Richard Pervo (Profit with Delight) compares Acts with ancient novels and finds striking resemblances. We tend to resist finding the thrill of novelistic adventure and humour in the books of the Bible. Holy books are supposed to be read with much gravitas, after all. But Pervo’s comparison with ancient novels has persuaded him that Acts shared their particular qualities that excited and entertained his audiences. I have read many ancient novels over recent years — and many ancient historians over a longer period of time — and fully agree with him.

read more »


2007-09-24

Luke’s Prologue: the How question. (A question only)

by Neil Godfrey

Luke 1:1-4

Many have undertaken to draw up an account of the things that have been fulfilled among us, just as they were handed down to us by those who from the first were eyewitnesses and servants of the word. Therefore, since I myself have carefully investigated everything from the beginning, it seemed good also to me to write an orderly account for you, most excellent Theophilus, so that you may know the certainty of the things you have been taught.

I am not an expert in biblical Greek. I rely on tools such as lexicons and grammars and dictionaries. But till then my use of those tools has led me to ask the following:

Is there anything in the prologue of Luke that discounts the possibility that he is speaking of written transmission exclusively?

The author begins by reminding readers that many before him have written a gospel-like narrative.

He then says that those who were there from the beginning, the eyewitnesses, “delivered the data” to us. That “delivered” work in Greek is the same as used elsewhere for Christ being delivered up for us, sinners being handed over to Satan, and Paul delivering the decrees from the Jerusalem council to his churches. It doesn’t seem to me to be related in any way at all to a method of delivery, but rather to a fact of delivery, method immaterial.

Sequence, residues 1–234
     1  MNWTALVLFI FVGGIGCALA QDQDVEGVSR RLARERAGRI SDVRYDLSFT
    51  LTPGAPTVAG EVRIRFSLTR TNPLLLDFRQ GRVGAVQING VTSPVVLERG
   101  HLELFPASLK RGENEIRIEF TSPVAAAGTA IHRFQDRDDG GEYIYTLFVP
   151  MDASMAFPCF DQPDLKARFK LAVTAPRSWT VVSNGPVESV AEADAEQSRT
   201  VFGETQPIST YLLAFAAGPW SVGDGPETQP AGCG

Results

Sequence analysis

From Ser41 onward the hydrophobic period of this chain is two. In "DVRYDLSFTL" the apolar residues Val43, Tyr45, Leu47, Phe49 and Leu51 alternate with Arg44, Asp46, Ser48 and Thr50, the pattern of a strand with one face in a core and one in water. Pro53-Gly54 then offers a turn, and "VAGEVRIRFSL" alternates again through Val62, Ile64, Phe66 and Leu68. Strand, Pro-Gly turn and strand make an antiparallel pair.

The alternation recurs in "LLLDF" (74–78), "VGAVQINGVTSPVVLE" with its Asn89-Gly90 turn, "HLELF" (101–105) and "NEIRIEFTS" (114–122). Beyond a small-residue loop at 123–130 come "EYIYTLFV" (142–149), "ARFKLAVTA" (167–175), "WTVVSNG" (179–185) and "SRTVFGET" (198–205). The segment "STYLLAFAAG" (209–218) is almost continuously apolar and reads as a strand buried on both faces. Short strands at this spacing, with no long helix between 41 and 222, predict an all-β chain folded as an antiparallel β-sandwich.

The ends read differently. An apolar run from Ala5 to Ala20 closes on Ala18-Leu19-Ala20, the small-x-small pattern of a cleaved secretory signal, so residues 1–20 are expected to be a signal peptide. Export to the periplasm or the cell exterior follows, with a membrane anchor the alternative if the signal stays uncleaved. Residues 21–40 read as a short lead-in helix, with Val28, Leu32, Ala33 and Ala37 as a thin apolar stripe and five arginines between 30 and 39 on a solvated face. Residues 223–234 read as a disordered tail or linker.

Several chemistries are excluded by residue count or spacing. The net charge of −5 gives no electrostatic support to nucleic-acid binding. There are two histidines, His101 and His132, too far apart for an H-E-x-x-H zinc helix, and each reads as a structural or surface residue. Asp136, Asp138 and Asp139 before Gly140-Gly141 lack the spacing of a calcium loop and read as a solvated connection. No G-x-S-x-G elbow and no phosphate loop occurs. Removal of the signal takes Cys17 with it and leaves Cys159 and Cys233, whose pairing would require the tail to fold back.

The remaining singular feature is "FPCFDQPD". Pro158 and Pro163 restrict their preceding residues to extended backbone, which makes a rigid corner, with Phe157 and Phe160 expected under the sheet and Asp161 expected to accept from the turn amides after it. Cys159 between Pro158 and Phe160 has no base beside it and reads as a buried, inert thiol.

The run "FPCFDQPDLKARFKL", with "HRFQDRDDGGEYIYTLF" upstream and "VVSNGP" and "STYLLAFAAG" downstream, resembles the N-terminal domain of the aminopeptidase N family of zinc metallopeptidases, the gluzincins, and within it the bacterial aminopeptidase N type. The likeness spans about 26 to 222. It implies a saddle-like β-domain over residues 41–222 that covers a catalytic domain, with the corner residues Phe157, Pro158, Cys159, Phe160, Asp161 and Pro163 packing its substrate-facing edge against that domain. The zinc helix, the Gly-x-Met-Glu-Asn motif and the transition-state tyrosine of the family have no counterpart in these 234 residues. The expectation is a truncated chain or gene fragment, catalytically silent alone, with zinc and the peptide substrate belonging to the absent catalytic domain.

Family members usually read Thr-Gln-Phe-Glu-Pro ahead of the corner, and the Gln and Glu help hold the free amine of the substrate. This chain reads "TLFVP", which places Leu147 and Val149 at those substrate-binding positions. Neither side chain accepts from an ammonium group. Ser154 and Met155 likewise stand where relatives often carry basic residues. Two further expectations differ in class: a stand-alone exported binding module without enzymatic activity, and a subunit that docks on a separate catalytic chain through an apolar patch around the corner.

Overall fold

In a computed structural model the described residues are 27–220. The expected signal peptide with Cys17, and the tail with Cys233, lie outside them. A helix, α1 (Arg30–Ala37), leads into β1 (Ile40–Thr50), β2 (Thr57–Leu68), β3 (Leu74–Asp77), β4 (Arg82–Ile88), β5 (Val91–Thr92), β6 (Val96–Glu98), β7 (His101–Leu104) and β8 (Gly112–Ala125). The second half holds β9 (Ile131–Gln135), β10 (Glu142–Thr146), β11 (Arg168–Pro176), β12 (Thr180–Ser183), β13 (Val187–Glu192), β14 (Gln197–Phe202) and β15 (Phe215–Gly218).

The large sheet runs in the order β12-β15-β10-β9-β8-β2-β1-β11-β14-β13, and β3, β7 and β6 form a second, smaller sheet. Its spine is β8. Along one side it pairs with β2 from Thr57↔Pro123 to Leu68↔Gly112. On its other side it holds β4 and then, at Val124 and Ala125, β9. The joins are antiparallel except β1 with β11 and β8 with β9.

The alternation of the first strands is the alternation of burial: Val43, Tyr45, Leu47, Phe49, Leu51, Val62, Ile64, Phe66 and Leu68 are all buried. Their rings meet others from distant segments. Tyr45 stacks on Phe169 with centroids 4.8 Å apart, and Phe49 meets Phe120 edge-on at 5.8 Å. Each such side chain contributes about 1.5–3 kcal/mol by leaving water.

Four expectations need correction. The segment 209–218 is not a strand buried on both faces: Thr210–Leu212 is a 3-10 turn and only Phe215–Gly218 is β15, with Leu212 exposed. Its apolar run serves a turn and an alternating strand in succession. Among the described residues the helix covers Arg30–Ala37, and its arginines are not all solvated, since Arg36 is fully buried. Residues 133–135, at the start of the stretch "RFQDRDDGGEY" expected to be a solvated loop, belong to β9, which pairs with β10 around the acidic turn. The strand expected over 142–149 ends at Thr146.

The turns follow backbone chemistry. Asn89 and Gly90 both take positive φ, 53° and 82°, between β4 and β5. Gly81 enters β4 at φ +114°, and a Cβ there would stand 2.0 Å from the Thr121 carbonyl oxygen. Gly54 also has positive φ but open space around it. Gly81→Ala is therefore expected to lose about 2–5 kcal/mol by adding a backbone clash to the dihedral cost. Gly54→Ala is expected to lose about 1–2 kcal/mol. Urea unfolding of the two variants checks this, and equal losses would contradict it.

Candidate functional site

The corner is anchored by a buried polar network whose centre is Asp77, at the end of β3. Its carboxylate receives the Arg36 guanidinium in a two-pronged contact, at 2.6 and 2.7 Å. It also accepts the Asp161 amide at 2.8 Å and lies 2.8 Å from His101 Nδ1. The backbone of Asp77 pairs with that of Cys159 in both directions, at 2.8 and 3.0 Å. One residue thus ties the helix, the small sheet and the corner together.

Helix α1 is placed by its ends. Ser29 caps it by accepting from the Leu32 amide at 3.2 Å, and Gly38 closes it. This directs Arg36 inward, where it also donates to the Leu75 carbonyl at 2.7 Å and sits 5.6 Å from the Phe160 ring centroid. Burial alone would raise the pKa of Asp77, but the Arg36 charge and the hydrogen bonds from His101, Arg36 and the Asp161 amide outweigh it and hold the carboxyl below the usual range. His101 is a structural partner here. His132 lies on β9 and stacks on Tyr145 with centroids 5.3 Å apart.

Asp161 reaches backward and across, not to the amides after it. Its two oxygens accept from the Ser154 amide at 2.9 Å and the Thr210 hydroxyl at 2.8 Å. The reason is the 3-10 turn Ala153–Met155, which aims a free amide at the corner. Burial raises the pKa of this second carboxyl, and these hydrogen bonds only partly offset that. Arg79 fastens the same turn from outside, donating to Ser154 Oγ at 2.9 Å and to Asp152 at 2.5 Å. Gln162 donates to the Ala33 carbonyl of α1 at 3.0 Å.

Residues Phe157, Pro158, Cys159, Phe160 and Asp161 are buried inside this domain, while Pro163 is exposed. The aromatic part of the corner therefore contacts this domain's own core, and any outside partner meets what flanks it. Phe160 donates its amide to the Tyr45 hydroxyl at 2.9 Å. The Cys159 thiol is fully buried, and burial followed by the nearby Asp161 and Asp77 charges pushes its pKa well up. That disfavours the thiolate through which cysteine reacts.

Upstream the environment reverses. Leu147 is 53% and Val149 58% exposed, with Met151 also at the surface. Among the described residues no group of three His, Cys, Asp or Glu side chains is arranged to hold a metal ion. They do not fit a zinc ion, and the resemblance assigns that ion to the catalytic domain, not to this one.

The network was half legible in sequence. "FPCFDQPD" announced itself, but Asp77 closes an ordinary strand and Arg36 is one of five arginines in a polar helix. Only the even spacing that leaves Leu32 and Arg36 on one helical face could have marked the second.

Is there anything in this prologue that denies the possibility, even plausibility, that the original eyewitnesses were believed to have passed on their understanding through a written narrative?

The Greek-English Lexicon of the NT ….. 4th ed of Bauers’s …. includes a meaning for the word for “delivered” the following:

3. of oral or written tradition hand down, pass one, transmit, . . . .  (p.615)

That sounds to me like a prima facie argument for the eyewitnesses handing on the tradition whether orally or in written form….

Then the author of Luke’s Prologue says it seemed a good idea for him to do the same thing as had been done up to the point of his own experience. To add another link to the chain to give some confidence to his own readers that the past was still present.

The strongest argument against this question that comes to mind is later belief that the original eyewitnesses did not write their of their own experiences. (Except maybe for Matthew for some, and John for others. — but these are not majority views.)

But we cannot without good reason judge the intended meaning of the author of Luke’s prologue by how later generations interpreted it. What does the Prologue itself actually say and what are the plausible interpretations of what it says in its own right quite apart from later interpretations?

Is it reasonable to think that the author of the Prologue was speaking of a chain of written documents — which of course stretches even further the possible time gap between the original events and his own time?